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  • Writer's pictureStephen Randall

The Uberfication Of Healthcare.

What Digital Disrupters Can Teach Us About Reinventing Healthcare.

Uber Health Ambulance

The rapid evolution of the digital economy, driven by companies like Uber, Amazon, Airbnb and Netflix, fundamentally changed the way we interact with traditional services. These “digital disrupters” reimagined and reinvented entire industries. We’ve been hearing for decades that healthcare stands on the brink of a digital transformation, so what’s holding it back? Maybe we can learn from adjacent markets and business models, how a more accessible, efficient, and patient-centric healthcare market will actually be disrupted.

One of the key lessons from digital disrupters is the value of a frictionless user experience.  Modern digital platforms prioritize ease of use, from the initial search to the final transaction - from “clicks to bricks”. Healthcare providers can adopt similar strategies by designing intuitive, user-friendly interfaces for patient portals, telehealth platforms and any other healthcare touch points. Patients expect and should be able to book appointments, access medical records, and communicate with healthcare providers with the same ease they book a ride or find a movie to watch. Too many healthcare applications look like they were designed for MS-DOS!

But ease of use is not enough. The experience also needs to be engaging AND valuable if not more than the one it is replacing. For example, by enabling a full suite of clinical services and exams over digital channels. i.e. not just Facetime with a doctor but something that approximates and can replace some in-person visits.


One of the key lessons from digital disrupters is the value of a frictionless user experience.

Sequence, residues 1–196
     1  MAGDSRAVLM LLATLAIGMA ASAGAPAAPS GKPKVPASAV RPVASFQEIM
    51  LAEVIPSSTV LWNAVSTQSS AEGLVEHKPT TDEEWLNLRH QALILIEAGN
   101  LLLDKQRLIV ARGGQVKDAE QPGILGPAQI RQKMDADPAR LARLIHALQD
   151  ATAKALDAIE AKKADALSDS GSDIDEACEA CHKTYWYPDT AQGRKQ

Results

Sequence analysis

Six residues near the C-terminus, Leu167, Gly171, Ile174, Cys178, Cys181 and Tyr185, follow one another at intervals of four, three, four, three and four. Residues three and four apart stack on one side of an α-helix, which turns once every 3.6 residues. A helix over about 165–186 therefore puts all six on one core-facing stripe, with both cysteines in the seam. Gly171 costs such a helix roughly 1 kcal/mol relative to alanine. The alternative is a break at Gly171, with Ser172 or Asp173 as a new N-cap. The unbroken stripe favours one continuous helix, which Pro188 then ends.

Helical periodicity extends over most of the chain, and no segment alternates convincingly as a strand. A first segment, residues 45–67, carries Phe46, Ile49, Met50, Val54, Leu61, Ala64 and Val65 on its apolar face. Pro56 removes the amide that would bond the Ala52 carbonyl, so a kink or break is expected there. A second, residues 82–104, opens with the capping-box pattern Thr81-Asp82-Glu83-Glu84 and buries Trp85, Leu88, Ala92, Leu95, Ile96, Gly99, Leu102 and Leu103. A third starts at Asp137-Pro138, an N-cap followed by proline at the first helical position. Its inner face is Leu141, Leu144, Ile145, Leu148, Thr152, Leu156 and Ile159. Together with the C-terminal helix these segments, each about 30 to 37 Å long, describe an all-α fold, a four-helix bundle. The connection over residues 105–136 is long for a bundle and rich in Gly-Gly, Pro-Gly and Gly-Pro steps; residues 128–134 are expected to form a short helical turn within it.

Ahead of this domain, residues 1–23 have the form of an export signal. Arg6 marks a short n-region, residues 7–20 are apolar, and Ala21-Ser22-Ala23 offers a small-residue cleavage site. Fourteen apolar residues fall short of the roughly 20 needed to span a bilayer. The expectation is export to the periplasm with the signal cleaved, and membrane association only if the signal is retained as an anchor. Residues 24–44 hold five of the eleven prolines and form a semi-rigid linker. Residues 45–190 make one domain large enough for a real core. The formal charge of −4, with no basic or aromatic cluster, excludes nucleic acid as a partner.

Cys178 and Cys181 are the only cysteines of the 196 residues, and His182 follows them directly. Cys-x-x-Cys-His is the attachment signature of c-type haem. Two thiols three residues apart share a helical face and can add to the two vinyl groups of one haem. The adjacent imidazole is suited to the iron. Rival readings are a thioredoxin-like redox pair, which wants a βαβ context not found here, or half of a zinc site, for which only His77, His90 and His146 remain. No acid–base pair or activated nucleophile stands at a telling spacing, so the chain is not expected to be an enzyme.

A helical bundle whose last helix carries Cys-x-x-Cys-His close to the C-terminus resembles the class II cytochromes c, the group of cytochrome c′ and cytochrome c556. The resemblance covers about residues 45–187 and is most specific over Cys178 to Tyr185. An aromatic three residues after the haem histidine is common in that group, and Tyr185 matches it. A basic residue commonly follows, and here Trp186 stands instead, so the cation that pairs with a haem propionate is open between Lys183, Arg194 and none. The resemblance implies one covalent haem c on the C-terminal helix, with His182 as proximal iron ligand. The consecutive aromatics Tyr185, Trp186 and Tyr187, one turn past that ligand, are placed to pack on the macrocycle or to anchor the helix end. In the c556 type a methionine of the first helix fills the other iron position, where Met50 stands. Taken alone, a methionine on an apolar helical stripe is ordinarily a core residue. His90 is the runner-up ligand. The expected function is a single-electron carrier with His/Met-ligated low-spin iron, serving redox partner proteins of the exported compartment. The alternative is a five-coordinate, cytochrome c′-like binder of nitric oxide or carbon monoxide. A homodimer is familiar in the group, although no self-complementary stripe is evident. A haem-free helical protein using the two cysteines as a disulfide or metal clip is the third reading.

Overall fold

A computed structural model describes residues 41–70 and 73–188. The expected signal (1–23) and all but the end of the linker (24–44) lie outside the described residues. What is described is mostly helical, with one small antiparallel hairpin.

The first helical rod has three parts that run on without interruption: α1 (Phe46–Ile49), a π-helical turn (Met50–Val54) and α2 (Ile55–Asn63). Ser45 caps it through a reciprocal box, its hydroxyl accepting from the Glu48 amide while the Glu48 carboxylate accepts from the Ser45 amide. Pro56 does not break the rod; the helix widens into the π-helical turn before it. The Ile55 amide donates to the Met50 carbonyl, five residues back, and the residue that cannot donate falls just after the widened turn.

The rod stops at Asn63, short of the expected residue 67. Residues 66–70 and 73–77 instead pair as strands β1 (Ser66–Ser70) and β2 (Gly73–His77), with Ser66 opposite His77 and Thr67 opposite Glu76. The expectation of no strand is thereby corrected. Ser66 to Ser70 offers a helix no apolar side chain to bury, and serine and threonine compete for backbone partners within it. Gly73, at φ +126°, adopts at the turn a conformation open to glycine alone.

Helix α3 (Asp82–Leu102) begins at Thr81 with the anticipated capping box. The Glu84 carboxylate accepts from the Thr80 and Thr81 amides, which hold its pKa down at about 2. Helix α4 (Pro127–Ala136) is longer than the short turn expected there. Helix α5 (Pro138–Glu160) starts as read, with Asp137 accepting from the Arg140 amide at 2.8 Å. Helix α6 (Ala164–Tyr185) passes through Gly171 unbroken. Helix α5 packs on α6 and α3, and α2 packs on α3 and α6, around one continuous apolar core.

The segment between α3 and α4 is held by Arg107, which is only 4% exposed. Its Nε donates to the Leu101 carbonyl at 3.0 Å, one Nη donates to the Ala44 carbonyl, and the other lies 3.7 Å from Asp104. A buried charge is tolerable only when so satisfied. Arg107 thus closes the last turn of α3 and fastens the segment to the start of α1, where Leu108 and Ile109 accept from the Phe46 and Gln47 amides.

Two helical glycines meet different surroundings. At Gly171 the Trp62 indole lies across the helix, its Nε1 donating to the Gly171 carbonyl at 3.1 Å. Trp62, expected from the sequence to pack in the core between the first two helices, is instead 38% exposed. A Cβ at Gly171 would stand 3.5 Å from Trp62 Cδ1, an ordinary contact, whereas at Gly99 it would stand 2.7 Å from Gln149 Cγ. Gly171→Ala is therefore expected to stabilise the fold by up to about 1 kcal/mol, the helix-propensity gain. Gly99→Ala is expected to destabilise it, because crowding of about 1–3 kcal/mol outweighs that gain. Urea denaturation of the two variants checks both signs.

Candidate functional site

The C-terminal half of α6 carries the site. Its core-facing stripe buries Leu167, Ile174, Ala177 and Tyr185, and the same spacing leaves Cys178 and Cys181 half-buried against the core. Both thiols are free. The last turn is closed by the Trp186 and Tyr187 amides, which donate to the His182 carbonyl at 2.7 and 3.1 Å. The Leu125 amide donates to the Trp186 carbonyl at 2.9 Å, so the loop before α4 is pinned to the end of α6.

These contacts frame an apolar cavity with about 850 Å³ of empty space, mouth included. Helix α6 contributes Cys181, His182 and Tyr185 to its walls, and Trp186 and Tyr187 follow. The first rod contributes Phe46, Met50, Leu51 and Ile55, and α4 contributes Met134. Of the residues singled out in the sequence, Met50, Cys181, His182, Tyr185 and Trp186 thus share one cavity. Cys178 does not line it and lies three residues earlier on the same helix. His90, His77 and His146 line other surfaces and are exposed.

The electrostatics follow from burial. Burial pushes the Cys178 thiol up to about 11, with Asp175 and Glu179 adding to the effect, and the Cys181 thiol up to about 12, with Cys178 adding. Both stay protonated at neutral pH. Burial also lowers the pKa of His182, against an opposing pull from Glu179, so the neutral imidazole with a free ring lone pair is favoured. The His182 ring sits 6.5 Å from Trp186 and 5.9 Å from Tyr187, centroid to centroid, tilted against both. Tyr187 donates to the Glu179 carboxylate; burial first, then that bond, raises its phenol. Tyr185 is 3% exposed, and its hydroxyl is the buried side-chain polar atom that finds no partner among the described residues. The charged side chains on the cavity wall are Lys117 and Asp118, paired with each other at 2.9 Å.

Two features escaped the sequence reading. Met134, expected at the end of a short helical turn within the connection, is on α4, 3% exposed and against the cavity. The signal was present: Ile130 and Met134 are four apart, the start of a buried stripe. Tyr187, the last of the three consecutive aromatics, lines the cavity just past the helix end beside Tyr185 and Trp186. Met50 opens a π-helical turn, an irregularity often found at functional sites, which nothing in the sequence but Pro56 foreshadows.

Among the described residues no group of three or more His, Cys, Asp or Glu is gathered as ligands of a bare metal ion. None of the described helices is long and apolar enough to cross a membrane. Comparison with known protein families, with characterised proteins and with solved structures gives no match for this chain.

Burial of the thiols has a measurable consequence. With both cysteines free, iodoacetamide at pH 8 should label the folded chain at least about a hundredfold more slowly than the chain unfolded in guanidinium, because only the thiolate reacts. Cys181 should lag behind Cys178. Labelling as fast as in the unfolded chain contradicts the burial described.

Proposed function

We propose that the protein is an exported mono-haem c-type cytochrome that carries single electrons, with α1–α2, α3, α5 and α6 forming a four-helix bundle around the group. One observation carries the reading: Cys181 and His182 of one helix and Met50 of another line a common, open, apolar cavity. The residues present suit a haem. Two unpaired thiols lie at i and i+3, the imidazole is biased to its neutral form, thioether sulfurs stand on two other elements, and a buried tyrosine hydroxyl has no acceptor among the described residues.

This model can drastically reduce wait times and improve health outcomes, particularly in rural or emergency situations or for patients with chronic conditions who need regular, timely interventions. This not only improves patient satisfaction and outcomes, but the ease and frequency of engagement also encourages compliance and reduces readmissions.

The success of Uber and Airbnb is partly due to network effects, where the value of the service increases as more people use it. Healthcare platforms are mainly siloed, and often designed to help the provider rather than the patient. Organizations such as Patients Like Me take a different approach, enabling patients to share information in order to gain knowledge and feel more in control and less stressed about their health. More healthcare organizations could learn from examples that foster behavioral change for the common good instead of staying behind closed systems.

Arguably, a crucial lesson from digital disrupters, is how they bypassed and "de-clawed" incumbent "toll-booths" - the traditional intermediaries that taxed old models. Uber disrupted the taxi industry by eliminating the need for centralized dispatch services and medallion systems, which had long controlled market entry and pricing. Similarly, Airbnb circumvented hotel chains and their associated fees, offering a decentralized model where individuals could rent out their homes.

Healthcare of course, has its own set of "toll-booths," so a direct-to-consumer model will ruffle features, but that won’t prevent companies like Amazon extending their direct-to-consumer healthcare solutions at scale. Incumbents might hope that disruption won’t happen on their watch, but rest assured, it is coming.


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